Straight from the horse’s mouth : What we can learn about rein tension by observing horse behaviour

Abstract: Horse-rider-interaction is largely dependent on rein tension signals which, through pressure and release, communicate with the horse about pace, direction of travel and appropriate head posture. However, the pressures applied on the horse’s mouth and/or head via the reins can cause pain and discomfort, leading to evasive behaviour and oral injuries. This thesis investigated rein tension signals from the perspective of equine behaviour and learning. Rein tension data were collected while backing up the horse from stand-still, with the handler standing next to the horse, comparing a bitted bridle with a soft halter, and in the ridden horse, making transitions from trot to walk using a bitted bridle. The results showed that rein tension signal magnitude could be reduced in a single training session through applying classical and operant learning principles. The rein tension signal was characterised by an increase in rein tension of less than 10 N (less than ~1kg) in each rein, regardless of baseline rein tension. Bit pressure elicited more evasive head/neck/mouth behaviour, with the main function to reduce oral pressure, compared with pressure on the nose from a soft halter. In terms of learning, the horses performed equally well with the halter and the bitted bridle. Thus studying horse behaviour can reveal the rein tension magnitude at which a horse feels comfortable and rein tension can be effectively reduced using the principles of classical and operant learning.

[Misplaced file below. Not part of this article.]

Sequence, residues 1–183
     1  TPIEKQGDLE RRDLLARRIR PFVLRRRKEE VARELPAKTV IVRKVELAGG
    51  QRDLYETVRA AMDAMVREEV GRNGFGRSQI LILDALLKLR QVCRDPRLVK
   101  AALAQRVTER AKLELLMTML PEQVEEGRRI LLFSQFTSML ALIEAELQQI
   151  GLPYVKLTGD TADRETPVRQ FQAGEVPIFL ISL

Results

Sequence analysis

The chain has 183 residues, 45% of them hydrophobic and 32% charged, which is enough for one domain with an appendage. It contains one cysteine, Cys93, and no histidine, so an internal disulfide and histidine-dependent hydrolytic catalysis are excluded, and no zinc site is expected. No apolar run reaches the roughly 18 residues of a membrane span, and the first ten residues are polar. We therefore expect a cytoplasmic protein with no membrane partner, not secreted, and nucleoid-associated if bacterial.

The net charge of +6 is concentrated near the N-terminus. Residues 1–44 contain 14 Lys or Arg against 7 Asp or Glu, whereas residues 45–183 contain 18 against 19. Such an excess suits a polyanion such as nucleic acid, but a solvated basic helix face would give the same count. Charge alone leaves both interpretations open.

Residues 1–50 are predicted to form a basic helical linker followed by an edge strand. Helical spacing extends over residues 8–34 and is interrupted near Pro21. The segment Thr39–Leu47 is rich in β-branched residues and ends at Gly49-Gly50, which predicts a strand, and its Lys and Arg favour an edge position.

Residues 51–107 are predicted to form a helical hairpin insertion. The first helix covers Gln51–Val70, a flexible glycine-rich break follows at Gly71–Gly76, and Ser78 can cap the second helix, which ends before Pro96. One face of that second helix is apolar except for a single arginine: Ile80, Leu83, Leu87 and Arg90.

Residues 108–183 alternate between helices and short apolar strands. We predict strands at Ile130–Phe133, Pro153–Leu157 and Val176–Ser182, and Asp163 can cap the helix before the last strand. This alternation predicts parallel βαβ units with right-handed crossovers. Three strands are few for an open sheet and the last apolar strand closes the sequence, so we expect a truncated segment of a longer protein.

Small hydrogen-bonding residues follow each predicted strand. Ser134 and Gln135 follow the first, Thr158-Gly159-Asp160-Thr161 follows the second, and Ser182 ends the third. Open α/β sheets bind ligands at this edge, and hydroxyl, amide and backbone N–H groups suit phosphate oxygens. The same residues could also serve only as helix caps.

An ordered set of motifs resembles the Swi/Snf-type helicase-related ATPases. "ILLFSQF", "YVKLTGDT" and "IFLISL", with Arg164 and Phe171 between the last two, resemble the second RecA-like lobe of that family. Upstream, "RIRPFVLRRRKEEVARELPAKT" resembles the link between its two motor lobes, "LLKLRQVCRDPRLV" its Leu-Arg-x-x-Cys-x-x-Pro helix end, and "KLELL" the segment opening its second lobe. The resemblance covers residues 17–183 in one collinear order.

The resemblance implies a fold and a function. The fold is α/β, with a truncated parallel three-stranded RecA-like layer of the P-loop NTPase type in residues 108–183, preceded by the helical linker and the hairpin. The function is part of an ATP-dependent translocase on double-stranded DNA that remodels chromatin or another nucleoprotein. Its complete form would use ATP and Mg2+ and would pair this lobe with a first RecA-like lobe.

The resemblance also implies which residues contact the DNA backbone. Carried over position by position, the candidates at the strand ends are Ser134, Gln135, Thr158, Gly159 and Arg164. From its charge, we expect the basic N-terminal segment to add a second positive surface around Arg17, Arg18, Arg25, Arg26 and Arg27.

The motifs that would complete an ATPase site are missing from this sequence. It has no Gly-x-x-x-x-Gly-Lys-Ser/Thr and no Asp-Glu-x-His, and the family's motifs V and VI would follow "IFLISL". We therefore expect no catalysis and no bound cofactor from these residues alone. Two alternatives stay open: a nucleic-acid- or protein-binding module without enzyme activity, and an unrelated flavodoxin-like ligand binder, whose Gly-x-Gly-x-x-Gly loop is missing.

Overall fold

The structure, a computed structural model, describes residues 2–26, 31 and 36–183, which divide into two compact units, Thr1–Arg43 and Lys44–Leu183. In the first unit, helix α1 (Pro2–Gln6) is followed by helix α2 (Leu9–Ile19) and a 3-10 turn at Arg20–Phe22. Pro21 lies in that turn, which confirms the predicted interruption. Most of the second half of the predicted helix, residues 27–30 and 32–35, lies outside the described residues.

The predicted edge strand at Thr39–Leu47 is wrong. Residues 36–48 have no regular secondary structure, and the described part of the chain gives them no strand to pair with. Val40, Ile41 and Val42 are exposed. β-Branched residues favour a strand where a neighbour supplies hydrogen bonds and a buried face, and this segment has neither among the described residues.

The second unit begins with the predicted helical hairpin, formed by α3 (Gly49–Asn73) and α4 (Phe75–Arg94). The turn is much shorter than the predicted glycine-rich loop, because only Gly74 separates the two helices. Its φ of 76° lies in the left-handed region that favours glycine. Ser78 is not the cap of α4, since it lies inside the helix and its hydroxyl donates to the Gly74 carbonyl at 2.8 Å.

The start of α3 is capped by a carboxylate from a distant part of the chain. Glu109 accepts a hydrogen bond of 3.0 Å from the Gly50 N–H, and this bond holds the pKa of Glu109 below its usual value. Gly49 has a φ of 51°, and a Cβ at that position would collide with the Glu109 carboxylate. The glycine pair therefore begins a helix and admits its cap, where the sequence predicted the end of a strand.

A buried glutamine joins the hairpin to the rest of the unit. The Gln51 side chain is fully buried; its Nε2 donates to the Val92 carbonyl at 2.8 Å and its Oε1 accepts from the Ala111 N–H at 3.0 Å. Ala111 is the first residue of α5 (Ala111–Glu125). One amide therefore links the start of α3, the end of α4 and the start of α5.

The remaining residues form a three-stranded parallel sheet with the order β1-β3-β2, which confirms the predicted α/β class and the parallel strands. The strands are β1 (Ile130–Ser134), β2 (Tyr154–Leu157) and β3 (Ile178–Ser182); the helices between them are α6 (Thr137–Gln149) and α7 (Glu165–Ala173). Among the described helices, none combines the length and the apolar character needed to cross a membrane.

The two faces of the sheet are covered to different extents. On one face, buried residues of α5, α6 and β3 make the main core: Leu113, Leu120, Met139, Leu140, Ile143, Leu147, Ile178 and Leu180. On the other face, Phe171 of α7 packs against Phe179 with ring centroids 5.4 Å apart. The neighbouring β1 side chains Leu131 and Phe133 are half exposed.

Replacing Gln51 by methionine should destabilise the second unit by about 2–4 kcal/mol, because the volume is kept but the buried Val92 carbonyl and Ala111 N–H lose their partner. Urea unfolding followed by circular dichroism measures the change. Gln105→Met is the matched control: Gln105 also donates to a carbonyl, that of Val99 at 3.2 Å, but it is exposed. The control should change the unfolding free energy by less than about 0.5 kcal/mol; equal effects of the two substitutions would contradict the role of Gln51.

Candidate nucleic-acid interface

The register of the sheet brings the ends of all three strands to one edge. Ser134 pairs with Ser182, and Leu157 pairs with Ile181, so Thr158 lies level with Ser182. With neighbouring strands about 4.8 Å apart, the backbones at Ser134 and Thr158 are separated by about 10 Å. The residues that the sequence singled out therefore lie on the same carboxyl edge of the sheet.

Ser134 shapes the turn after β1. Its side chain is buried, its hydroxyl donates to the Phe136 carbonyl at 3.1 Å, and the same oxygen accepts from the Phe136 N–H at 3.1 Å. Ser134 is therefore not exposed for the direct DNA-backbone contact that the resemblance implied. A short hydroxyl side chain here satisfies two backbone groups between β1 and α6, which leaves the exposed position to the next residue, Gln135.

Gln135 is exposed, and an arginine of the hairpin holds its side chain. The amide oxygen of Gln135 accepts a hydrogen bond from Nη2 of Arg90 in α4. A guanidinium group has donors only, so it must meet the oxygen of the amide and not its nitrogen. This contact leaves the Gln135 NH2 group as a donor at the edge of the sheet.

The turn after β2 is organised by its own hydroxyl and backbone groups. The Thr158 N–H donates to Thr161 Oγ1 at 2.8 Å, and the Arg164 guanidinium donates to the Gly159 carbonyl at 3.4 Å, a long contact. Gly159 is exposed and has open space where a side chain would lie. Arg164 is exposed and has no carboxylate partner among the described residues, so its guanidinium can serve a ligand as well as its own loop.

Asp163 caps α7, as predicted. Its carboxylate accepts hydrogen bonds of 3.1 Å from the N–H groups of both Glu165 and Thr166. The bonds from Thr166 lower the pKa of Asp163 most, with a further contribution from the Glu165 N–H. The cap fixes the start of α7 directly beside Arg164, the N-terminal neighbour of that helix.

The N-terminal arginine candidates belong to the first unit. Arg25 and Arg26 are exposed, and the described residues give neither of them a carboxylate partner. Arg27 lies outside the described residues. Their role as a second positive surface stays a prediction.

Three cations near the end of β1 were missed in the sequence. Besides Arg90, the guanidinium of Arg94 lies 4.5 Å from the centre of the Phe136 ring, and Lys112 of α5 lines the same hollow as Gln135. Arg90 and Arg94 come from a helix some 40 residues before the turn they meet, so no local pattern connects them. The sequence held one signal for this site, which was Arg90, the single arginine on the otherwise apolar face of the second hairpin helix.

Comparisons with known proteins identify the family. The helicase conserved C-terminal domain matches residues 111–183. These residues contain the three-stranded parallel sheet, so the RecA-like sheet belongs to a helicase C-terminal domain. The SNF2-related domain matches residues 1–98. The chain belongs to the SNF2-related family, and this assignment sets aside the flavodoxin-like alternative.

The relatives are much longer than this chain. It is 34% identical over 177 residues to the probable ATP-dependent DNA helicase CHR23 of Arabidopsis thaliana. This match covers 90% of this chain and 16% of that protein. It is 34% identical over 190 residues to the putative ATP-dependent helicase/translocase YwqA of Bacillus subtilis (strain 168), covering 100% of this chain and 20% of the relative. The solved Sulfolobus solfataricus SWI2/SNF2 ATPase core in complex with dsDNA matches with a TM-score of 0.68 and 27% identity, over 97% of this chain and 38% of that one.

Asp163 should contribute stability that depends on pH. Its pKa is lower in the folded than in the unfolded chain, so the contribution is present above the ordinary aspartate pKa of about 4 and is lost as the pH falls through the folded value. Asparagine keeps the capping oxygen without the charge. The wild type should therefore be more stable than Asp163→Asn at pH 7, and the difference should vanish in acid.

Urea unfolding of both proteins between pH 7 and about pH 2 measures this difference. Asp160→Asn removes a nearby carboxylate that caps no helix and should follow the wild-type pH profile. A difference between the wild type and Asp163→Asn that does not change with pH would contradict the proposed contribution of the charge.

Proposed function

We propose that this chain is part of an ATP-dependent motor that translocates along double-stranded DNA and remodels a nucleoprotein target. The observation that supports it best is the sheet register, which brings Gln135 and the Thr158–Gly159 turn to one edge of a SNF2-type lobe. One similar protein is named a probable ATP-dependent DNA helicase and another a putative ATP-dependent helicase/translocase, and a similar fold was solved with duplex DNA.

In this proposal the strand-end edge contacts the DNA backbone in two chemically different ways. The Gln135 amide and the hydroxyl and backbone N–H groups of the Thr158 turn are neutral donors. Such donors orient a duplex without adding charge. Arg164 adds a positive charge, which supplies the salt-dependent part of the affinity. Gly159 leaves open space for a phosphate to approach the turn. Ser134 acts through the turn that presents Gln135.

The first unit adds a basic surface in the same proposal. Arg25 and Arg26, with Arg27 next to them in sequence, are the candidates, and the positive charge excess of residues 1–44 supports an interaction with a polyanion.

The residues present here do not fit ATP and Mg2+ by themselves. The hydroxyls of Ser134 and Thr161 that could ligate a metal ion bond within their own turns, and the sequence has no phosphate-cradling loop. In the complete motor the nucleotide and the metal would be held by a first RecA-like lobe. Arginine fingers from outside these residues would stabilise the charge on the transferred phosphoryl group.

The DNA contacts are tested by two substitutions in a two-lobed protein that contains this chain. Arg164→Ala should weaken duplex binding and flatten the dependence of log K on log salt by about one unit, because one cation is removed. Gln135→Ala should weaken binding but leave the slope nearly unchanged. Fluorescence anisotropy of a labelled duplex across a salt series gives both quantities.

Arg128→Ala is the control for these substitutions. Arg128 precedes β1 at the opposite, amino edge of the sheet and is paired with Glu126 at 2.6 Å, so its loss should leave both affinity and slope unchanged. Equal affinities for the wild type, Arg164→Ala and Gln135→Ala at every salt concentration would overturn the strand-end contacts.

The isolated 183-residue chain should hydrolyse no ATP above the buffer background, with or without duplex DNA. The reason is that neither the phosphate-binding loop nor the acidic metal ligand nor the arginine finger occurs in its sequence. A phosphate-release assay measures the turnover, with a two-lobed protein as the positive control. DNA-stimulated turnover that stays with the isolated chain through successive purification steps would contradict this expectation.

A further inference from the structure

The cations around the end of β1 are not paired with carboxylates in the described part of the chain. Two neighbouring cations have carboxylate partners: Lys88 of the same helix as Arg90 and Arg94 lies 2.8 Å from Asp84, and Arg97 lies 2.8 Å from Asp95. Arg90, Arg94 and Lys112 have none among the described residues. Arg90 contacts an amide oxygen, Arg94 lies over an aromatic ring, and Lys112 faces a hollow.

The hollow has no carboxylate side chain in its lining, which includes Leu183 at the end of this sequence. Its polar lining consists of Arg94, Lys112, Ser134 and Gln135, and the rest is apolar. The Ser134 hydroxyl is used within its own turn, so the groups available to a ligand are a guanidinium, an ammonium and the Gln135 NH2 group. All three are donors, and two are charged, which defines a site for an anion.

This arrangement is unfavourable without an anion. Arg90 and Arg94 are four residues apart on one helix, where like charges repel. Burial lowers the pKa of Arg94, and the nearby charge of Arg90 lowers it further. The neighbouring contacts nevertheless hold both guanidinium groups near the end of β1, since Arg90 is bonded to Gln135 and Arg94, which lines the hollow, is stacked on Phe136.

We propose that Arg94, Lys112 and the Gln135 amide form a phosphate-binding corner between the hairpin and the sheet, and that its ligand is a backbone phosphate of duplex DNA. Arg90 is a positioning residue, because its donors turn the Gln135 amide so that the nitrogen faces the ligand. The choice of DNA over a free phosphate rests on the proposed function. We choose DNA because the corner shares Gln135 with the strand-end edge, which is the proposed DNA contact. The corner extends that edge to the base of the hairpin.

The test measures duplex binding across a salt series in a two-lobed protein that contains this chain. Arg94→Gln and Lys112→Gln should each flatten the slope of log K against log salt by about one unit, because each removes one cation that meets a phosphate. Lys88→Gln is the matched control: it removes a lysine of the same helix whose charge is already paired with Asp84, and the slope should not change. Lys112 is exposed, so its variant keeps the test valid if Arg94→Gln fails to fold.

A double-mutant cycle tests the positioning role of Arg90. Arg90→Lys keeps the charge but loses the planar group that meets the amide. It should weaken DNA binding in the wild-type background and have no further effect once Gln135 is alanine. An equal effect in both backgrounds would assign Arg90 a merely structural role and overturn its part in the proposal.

This dissertation MIGHT be available in PDF-format. Check this page to see if it is available for download.